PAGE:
A Covid-19 warning for pets
Precautions should be taken to prevent the transmission of the coronavirus from humans to the cat population, the government veterinarian has warned.
Jonathan Nisbett said there was no evidence that the coronavirus could be passed from pets to people — but animals have contracted it from humans in a handful of cases around the world and cats appeared to be the most at risk.
Dr Nisbett added: “There is evidence of human-to-animal transmission, with documented cases of dogs, cats, a zoo tiger and farmed mink having tested positive for Sars-CoV-2, following contact with humans known or suspected to be infected.
“All of these appear to be cases of human-to-animal transmission.”
He added that owners who contracted Covid-19 did not have to remove their pets from their homes, but should limit contact with them.
Dr Nisbett was writing in the summer edition of the Envirotalk newsletter.
He said: “When handling and caring for animals, basic hygiene measures should always be employed, including hand-washing before and after handling animals, their food, feed and water bowls, toys, as well as avoiding kissing, licking or sharing food.
“Of the domestic species found in Bermuda, cats seem to be most susceptible.”
He said that in laboratory tests, cats had been able to transmit the virus to other cats — a discovery that caused the British Veterinary Association to recommend that cats from a household with Covid-19 should be kept inside if possible.
Dr Nisbett agreed and said: “This will reduce the potential for spreading the virus among cats.
“The evidence of human-to-animal transmission and evidence of cat-to-cat transmission, are cause to recommend that infected persons and persons in Covid-19 quarantine must not participate in feeding of feral cats in Bermuda.
“An infected person may infect the colony of cats.”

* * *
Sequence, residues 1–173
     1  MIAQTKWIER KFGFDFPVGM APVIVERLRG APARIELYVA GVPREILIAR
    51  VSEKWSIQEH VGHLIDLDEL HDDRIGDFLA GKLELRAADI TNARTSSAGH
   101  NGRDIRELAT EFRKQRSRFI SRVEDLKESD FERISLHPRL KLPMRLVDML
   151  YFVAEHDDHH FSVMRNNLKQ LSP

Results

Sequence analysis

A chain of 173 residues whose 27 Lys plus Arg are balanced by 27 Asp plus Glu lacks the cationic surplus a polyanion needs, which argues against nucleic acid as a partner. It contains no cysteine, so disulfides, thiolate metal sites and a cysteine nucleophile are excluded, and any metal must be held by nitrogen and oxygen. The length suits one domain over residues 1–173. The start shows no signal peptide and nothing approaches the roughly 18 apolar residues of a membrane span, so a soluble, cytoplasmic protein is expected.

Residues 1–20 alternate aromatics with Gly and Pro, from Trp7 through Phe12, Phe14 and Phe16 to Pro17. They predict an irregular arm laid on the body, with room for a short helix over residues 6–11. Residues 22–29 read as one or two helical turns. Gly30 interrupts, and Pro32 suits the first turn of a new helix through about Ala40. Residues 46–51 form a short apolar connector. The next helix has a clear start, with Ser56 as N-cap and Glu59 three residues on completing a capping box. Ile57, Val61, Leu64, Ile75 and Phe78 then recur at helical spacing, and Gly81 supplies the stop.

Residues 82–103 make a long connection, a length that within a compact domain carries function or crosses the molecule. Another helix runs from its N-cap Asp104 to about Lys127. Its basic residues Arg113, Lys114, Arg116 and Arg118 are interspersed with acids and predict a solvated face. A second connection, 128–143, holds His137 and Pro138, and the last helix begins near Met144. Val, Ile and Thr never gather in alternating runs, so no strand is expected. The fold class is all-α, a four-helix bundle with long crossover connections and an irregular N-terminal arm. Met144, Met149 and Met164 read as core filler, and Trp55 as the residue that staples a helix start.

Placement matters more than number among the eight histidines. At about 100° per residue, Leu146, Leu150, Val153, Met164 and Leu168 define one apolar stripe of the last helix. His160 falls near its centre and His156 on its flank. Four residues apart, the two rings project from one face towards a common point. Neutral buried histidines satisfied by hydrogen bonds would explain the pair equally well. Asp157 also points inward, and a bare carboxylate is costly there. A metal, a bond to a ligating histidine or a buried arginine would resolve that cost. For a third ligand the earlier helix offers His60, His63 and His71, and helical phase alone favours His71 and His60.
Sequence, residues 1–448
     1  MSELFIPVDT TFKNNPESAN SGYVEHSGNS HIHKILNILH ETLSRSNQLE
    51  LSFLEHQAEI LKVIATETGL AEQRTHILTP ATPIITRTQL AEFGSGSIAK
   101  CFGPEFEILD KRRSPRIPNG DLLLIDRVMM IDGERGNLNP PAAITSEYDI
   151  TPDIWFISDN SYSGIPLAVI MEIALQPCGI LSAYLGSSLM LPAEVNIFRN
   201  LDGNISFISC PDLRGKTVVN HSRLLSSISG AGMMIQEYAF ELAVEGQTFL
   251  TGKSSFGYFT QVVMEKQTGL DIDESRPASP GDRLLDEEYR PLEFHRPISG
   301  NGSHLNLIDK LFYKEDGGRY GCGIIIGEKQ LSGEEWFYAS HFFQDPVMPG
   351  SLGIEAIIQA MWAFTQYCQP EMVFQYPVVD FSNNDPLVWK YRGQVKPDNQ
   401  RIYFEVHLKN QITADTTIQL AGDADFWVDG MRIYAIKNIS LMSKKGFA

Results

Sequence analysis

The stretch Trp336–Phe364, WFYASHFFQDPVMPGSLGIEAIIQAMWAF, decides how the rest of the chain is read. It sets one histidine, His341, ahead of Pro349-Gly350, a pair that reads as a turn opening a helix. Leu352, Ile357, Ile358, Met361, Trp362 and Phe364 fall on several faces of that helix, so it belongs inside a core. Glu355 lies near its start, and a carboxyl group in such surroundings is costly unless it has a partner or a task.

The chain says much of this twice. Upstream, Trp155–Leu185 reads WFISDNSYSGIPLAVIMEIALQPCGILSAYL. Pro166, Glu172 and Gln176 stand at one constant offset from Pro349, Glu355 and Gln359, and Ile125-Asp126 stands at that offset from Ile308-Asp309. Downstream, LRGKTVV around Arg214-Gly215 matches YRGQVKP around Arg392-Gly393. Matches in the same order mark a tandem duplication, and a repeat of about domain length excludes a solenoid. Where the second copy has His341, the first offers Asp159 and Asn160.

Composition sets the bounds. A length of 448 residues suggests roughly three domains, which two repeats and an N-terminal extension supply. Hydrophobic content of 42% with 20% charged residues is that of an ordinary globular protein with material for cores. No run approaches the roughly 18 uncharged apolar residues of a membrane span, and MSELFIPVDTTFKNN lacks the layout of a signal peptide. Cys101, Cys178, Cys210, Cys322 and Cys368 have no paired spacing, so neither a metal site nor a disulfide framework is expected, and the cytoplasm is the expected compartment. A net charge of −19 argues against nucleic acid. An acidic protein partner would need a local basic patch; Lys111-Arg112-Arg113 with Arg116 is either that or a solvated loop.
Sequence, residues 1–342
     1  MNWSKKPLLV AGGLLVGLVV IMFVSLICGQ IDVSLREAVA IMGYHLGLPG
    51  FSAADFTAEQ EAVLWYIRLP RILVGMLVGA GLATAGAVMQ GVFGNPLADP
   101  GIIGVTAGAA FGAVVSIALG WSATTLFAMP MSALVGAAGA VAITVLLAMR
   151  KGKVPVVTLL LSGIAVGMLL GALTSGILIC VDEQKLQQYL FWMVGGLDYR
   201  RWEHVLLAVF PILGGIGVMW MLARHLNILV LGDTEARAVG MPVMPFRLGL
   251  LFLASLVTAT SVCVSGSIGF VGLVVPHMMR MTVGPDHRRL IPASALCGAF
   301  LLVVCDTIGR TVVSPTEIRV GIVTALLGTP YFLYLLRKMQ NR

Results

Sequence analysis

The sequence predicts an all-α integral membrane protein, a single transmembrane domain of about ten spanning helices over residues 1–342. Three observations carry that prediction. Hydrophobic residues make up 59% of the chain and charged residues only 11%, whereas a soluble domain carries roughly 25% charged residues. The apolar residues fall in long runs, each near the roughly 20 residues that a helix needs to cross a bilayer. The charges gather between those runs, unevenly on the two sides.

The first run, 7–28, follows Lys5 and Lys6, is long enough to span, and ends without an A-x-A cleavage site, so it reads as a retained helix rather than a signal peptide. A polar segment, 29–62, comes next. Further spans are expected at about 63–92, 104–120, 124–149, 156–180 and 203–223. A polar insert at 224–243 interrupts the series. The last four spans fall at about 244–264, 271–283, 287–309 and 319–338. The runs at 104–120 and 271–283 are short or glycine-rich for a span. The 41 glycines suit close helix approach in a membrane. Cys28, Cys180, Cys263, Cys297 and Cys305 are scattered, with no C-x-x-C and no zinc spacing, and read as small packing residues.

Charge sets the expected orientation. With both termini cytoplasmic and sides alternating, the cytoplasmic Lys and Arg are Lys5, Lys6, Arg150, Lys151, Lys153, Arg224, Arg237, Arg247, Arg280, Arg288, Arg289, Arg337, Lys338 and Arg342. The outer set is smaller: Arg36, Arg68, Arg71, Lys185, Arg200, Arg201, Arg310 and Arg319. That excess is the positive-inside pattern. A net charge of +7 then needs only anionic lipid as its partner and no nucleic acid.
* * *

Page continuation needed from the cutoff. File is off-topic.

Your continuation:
He emphasised that the same precautions recommended for domestic animals should be used at feral cat feeding stations.
Dr Nisbett said it was possible that Covid-19 would spread to other species because of the wide distribution of the virus among humans, and that studies were still under way to understand the susceptibility of different species to the virus.
But Dr Nisbett added: “Our pets and livestock present no Covid-19 risk to people.
“This pandemic is not cause to abandon or reject our animals from our households and lives.
“In fact, they may be a source of comfort during this period of uncertainty and stress.”
He said that vets around the world had helped the fight against Covid-19 and donated personal protection equipment and their professional expertise.
Dr Nisbett added: “Veterinary laboratories were sought out for their equipment and skilled staff to conduct Covid-19 tests on human samples, thus increasing Covid-19 testing capacity and surveillance.
“Veterinary epidemiologists have been supporting their counterparts in the public health agencies to track the disease in humans and to support the development of an effective public health response.”
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